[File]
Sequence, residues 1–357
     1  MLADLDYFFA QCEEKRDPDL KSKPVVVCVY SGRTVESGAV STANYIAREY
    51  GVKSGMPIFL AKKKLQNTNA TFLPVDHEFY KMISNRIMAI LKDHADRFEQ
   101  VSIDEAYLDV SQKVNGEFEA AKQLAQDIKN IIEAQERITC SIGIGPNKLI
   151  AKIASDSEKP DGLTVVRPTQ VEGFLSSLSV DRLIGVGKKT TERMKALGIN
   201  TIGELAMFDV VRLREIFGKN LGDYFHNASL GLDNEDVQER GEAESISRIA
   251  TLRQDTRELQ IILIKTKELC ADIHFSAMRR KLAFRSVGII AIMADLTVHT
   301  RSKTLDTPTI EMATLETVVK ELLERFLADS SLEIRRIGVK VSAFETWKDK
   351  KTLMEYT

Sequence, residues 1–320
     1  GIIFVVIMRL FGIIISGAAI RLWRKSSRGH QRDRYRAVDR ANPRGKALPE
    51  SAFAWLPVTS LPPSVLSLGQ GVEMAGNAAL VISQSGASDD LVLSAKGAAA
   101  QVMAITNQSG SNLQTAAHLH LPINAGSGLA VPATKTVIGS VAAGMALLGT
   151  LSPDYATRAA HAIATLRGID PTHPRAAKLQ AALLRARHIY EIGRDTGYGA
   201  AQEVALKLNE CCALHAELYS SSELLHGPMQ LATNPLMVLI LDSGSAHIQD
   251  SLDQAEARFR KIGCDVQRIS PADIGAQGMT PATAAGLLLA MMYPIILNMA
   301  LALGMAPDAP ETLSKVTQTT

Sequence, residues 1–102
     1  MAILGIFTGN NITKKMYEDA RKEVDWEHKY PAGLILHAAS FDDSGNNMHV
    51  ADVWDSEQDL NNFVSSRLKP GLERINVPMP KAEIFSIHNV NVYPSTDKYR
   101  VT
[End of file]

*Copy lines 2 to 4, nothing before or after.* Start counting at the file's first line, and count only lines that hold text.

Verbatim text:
     1  MLADLDYFFA QCEEKRDPDL KSKPVVVCVY SGRTVESGAV STANYIAREY
    51  GVKSGMPIFL AKKKLQNTNA TFLPVDHEFY KMISNRIMAI LKDHADRFEQ
   101  VSIDEAYLDV SQKVNGEFEA AKQLAQDIKN IIEAQERITC SIGIGPNKLI